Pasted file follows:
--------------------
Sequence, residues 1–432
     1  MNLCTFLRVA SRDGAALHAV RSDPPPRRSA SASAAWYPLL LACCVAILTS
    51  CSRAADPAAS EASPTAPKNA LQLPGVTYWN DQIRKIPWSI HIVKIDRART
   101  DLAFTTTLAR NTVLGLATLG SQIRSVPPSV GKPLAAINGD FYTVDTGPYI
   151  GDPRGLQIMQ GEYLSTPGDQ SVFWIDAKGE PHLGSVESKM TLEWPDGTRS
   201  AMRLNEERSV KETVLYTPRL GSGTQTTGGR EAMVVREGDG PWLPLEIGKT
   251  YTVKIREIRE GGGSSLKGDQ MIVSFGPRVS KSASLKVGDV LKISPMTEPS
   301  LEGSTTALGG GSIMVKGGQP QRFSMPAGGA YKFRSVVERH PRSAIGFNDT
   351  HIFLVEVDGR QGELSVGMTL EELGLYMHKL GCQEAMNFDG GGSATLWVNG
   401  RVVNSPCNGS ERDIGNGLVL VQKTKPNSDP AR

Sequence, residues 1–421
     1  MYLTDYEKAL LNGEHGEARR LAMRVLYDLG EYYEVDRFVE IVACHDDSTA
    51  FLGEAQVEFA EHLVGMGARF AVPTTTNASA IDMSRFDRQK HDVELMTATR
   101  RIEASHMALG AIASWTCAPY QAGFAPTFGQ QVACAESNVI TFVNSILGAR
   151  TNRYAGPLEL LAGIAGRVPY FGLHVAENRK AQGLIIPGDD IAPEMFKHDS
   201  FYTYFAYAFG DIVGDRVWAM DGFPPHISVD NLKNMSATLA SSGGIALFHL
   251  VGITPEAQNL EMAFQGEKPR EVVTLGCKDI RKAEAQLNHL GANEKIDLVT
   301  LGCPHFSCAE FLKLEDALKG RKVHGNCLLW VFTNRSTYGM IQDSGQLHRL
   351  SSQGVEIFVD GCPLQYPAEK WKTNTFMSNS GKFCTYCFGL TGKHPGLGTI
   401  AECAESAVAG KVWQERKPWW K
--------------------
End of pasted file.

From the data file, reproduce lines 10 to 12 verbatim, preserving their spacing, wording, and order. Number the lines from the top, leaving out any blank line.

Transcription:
   401  RVVNSPCNGS ERDIGNGLVL VQKTKPNSDP AR

Sequence, residues 1–421
     1  MYLTDYEKAL LNGEHGEARR LAMRVLYDLG EYYEVDRFVE IVACHDDSTA